Frozen (I) (2013)

PG   |    |  Animation, Adventure, Comedy


Frozen (2013) Poster

When the newly-crowned Queen Elsa accidentally uses her power to turn things into ice to curse her home in infinite winter, her sister Anna teams up with a mountain man, his playful reindeer, and a snowman to change the weather condition.

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7.5/10
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  • Kristen Bell and Idina Menzel in Frozen (2013)
  • Frank Welker and Jonathan Groff in Frozen (2013)
  • Frozen (2013)
  • Frozen (2013)
  • Alan Tudyk in Frozen (2013)
  • Frozen (2013)

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Reviews & Commentary

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User Reviews


9 January 2014 | brent_or
5
| Great Visuals, Unremarkable Script
First of all, I strongly disagree with any assertions that Frozen hearkens back to the great Disney films of the late 80s and early 90s. The music is nowhere near that level, and the storytelling is not nearly as sharp. Even suggesting that this is the best *since* The Lion King rings false with me. I have not seen every Disney film of the past twenty years, but offhand I can say that Tangled, Bolt and Meet the Robinsons are all far superior examples well-written stories than Frozen. In my personal opinion, of course.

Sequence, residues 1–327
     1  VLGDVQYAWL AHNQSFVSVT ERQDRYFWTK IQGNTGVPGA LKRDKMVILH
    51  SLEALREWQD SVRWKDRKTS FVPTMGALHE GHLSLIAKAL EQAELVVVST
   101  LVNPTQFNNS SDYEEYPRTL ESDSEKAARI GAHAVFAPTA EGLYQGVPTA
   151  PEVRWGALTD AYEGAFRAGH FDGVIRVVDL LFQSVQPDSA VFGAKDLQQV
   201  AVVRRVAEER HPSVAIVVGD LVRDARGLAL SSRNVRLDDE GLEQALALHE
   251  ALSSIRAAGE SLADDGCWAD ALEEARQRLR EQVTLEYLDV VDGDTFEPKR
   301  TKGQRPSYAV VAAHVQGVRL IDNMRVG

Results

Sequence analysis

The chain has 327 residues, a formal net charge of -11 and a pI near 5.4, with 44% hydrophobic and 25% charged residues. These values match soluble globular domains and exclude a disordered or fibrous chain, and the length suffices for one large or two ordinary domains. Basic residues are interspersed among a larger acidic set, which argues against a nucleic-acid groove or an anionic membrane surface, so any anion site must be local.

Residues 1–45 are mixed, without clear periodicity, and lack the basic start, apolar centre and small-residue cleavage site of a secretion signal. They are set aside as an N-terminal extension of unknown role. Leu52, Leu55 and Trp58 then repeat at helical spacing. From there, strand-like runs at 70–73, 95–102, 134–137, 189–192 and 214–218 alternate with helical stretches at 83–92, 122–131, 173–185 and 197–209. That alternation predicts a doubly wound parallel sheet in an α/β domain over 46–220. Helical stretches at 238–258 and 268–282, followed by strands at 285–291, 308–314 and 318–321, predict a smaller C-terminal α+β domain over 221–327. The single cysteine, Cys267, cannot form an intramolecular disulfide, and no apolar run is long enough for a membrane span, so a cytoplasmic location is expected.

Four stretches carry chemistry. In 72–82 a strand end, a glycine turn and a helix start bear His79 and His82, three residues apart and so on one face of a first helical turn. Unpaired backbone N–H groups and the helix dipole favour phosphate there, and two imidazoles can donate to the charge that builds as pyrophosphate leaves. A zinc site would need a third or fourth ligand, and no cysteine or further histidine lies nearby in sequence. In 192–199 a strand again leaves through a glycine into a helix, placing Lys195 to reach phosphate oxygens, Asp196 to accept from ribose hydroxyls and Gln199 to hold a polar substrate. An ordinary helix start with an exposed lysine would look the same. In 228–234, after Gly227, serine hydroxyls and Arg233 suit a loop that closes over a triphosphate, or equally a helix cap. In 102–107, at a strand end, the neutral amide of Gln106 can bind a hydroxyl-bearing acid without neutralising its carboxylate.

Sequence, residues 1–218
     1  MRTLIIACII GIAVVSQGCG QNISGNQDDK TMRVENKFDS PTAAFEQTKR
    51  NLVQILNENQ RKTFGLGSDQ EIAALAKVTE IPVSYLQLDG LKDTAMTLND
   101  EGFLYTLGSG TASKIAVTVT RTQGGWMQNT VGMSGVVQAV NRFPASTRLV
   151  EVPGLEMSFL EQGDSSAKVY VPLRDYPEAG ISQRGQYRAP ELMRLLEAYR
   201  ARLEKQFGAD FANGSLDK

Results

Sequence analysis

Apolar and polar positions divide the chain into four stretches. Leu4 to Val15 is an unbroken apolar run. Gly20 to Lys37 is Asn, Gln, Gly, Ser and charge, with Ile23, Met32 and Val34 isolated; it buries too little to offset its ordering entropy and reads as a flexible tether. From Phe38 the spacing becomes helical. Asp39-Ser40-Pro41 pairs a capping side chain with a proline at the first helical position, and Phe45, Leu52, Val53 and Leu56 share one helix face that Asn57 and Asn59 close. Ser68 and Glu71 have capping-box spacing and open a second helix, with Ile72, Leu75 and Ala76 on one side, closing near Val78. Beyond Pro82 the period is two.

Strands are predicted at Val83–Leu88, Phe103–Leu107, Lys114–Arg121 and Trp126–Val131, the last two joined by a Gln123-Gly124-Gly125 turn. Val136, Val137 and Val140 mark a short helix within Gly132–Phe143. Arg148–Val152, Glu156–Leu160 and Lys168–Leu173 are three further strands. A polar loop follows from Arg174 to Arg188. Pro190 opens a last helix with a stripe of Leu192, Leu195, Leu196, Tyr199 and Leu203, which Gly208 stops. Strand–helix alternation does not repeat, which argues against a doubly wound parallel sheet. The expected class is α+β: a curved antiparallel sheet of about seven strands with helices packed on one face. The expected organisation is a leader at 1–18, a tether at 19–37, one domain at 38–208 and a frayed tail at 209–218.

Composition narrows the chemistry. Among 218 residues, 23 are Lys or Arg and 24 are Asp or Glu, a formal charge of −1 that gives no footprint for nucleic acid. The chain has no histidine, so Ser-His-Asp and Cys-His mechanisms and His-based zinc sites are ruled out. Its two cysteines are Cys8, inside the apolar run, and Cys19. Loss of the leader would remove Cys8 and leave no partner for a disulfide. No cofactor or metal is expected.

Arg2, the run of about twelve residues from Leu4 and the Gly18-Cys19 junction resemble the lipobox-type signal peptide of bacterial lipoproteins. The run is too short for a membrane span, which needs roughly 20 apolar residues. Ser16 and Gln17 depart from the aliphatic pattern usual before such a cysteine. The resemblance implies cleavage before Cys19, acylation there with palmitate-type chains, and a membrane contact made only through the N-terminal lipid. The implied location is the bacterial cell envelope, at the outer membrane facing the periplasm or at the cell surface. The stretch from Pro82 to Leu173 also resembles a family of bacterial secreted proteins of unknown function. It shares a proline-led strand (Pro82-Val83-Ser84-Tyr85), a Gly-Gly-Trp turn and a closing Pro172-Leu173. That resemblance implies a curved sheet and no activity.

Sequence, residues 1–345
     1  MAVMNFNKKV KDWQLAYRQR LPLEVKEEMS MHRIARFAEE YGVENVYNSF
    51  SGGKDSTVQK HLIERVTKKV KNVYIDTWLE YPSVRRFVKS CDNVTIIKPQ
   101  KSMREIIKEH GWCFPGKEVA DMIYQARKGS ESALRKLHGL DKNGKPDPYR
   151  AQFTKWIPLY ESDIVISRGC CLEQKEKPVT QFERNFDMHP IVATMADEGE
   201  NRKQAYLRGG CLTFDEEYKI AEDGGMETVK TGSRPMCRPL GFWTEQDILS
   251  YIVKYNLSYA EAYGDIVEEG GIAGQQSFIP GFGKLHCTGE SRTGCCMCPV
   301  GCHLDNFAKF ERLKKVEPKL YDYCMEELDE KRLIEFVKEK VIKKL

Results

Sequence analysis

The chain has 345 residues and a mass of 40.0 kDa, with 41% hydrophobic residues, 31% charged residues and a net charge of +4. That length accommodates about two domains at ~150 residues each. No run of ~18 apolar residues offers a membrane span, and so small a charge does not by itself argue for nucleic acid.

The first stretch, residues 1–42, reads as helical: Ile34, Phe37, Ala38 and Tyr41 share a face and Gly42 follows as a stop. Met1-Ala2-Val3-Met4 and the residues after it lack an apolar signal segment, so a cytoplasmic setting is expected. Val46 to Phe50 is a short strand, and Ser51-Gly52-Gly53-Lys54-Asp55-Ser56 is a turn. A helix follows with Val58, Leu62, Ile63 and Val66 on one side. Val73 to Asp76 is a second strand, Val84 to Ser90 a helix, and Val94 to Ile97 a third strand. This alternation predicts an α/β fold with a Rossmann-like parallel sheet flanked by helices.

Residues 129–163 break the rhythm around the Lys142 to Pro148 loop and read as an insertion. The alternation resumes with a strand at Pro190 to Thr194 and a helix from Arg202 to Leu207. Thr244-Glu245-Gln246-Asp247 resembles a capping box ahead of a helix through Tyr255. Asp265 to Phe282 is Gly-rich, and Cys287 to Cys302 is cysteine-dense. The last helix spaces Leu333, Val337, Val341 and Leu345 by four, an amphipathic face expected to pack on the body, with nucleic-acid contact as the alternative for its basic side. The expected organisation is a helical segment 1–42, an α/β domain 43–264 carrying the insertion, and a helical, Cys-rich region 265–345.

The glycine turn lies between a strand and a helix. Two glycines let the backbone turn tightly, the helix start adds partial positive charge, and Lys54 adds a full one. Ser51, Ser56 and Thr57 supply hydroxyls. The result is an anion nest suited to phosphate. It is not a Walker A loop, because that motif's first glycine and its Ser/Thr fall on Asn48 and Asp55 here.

Second of all, Frozen definitely skews towards the younger crowd, with little to none of the sophisticated touches or wittily mature humor that have come to be somewhat more commonplace in recent animated films. This one is aimed at the pre-teen crowd. Not that that is necessarily a bad thing, but it is worth noting.

The overall story is an interesting one, but the execution is rather sloppy and the narrative meanders a bit too much. The dialog, in particular, is not a strength. Unlike the best films, in which every line and every scene feels both essential and perfect, Frozen is more of a loose joyride. Again, there is nothing inherently wrong with that approach, but in my personal estimation, it earns lower marks as a storytelling method.

The songs are for the most part unremarkable, and some of the musical sequences suffer from not fully committing to dialog or singing. They just feel hastily-choreographed and not fully thought out. And do not even get me started on the troll song. Yikes.

Two of the songs, "Do You Want to Build a Snowman" and especially "Let it Go," do work very well. The latter ties into what is unquestionably the best scene in the film on every level. It provides the one glimpse of true majesty, the sort of quality that would explain all of the extremely positive "this is the greatest" reviews that are being posted by others. Unfortunately, the film descends most of the way back into mediocrity after that scene.